Getting the Most Out of a Pop-up - Event Marketer

Getting the Most Out of a Pop-up

When brands make a major investment in creating and executing a pop-up the focus is often on awareness—creating impressions and buzz and changing perception of the brand by casting it in a new and inventive light.

But just because a pop-up is more about making a splash doesn’t mean that brands should totally forget about moving that needle. Smart marketers are finding ways to drive consumers back to the product even after they leave the pop-up.

Online. The most common—and easiest—way for brands to drive business and measure
ROI from a pop-up is by pointing consumers stopping by the space to a website. Pedigree for example had signage in its recent Times Square pop-up that drove consumers checking out the shop to a microsite dogsrule.com (Agency: Gigunda Group Manchester NH). If the microsite is tied directly to the pop-up marketers can view at least some of that traffic as a direct result of putting that pop-up in place. If consumers can purchase product or pick up a trackable coupon from the site—all the better for measurement.

On Site. For many brands selling their product or service on site at the pop-up just doesn’t make sense. Consumers visiting New York City from Cape Girardeau MO aren’t likely to stock up on a boatload of soap at a pop-up for example no matter how much they dig the space. But with some brands a retail tie-in can work. When Bank of America hosted a pop-up in New York City in December to create buzz for its new reward-focused credit card it also had staffers on site to sign up interested consumers.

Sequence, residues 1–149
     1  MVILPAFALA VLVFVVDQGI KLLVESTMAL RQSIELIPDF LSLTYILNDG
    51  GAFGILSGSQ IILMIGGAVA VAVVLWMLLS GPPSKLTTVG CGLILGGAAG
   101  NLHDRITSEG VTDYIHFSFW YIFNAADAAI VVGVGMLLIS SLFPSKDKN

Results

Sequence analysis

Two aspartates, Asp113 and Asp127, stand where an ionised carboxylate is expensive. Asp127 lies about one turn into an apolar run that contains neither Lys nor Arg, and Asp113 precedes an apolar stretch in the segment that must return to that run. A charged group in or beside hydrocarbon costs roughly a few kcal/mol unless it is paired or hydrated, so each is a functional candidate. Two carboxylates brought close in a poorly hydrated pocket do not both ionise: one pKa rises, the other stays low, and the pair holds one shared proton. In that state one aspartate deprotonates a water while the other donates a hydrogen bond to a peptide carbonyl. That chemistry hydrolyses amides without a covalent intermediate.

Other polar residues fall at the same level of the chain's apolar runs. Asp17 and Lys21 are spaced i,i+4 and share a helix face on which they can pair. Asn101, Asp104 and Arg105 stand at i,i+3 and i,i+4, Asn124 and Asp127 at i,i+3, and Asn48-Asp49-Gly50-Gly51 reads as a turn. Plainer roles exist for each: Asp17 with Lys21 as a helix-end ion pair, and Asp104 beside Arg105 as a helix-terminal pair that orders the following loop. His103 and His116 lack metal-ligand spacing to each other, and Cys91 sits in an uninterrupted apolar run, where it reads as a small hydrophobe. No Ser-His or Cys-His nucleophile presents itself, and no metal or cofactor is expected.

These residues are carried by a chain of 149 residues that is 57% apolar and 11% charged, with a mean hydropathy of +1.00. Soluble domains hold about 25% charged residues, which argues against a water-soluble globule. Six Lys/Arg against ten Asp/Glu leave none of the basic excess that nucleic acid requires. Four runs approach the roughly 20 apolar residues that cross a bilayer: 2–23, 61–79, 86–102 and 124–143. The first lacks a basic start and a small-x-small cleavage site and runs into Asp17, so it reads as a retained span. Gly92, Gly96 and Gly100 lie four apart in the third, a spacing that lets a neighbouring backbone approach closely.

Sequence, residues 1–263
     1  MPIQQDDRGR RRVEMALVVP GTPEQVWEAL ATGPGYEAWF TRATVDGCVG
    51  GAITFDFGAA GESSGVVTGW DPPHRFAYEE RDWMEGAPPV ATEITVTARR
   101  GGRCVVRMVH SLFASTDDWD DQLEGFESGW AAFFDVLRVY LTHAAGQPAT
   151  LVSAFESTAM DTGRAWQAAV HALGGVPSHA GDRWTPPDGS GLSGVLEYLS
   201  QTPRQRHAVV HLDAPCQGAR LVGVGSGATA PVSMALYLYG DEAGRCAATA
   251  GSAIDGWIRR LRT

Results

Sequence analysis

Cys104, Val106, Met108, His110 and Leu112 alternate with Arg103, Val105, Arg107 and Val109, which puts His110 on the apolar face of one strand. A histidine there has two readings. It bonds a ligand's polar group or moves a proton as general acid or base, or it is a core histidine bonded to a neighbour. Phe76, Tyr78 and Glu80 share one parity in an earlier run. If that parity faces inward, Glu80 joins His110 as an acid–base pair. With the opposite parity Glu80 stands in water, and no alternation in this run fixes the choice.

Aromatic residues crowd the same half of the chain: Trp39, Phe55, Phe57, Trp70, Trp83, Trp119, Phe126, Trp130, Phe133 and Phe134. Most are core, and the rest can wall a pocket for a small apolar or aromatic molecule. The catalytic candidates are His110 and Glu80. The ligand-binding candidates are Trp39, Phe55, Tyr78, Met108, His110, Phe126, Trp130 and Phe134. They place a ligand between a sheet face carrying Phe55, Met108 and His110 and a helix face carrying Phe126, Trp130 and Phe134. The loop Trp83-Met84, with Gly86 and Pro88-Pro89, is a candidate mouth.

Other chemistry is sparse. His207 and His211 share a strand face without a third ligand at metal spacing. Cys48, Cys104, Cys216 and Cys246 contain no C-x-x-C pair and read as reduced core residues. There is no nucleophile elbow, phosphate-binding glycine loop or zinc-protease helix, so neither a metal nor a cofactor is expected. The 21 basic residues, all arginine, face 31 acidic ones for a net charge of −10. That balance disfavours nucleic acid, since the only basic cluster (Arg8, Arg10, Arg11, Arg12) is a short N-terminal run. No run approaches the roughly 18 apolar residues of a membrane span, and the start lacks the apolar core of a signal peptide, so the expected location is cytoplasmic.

“Getting people to sign up for credit and checking services on site certainly wasn’t the primary reason for this but we weren’t going to give up the opportunity to make a sale” says Peter McKillop consumer and small business banking communications executive at the brand. Also amid free amenities like chair massages coffee and cocoa gift-wrapping and a concierge service consumers could check out a kiosk further detailing the brand’s services.

Connection. When Sony wanted to promote its Para Tu País (For Your Country) service which connects consumers with a call center in Mexico to help save some of the hassle of shipping packages through customs to recipients south of the border the brand set up a pop-up in Montebello CA. Consumers could check out the products they could order for friends and relatives through the service right there in the space. The best part: If they were ready to order that day the staffers at the pop-up could connect them directly to the service via a line set up on site. Altough not every brand needs to connect to a call center for the same results a similar effect can be easily achieved by installing a few computer kiosks where visitors can order products directly.

Public Relations. Even if the goal isn’t to immediately move the needle think about what you can do behind the scenes to drive business in the future. When Warner Bros. created a high-end pop-up boutique featuring designer Tweety apparel in Beverly Hills CA it sold some of the designer exclusives on site but also backed it with a p.r. effort to reach important contacts across the country (Agency: Grand Central Marketing New York
City).

“Our p.r. efforts paid off and our sales team actually worked with several stylists and personal shoppers from New York Miami and other major markets to deliver these originals around the country by sending them images of the products via email and FTP sites” says Maryellen Zarakas senior vp-worldwide marketing and TV & studio licensing at Warner Bros. So while the effort wasn’t about making as many sales as soon as possible the behind-the-scenes effort ensured that connections were still made.

 

Photo Credit: unsplash.com/@dmitrybayer

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